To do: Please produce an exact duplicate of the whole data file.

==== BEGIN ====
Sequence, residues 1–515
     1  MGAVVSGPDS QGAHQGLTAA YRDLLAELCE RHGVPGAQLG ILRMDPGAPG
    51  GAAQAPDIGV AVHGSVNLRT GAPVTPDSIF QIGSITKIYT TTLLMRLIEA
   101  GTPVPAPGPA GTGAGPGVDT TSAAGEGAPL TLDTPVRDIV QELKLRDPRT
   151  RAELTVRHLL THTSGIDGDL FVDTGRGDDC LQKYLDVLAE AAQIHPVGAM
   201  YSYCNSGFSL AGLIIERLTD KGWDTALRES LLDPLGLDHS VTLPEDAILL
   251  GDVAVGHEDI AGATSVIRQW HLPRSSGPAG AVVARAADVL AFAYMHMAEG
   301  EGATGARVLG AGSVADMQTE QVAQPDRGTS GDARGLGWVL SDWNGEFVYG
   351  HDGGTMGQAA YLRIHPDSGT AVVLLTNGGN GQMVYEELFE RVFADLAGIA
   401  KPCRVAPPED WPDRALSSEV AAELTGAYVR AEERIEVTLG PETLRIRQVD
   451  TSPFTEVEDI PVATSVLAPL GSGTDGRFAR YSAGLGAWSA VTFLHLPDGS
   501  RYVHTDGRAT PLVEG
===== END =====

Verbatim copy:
Sequence, residues 1–515
     1  MGAVVSGPDS QGAHQGLTAA YRDLLAELCE RHGVPGAQLG ILRMDPGAPG
    51  GAAQAPDIGV AVHGSVNLRT GAPVTPDSIF QIGSITKIYT TTLLMRLIEA
   101  GTPVPAPGPA GTGAGPGVDT TSAAGEGAPL TLDTPVRDIV QELKLRDPRT
   151  RAELTVRHLL THTSGIDGDL FVDTGRGDDC LQKYLDVLAE AAQIHPVGAM
   201  YSYCNSGFSL AGLIIERLTD KGWDTALRES LLDPLGLDHS VTLPEDAILL
   251  GDVAVGHEDI AGATSVIRQW HLPRSSGPAG AVVARAADVL AFAYMHMAEG
   301  EGATGARVLG AGSVADMQTE QVAQPDRGTS GDARGLGWVL SDWNGEFVYG
   351  HDGGTMGQAA YLRIHPDSGT AVVLLTNGGN GQMVYEELFE RVFADLAGIA
   401  KPCRVAPPED WPDRALSSEV AAELTGAYVR AEERIEVTLG PETLRIRQVD
   451  TSPFTEVEDI PVATSVLAPL GSGTDGRFAR YSAGLGAWSA VTFLHLPDGS
   501  RYVHTDGRAT PLVEG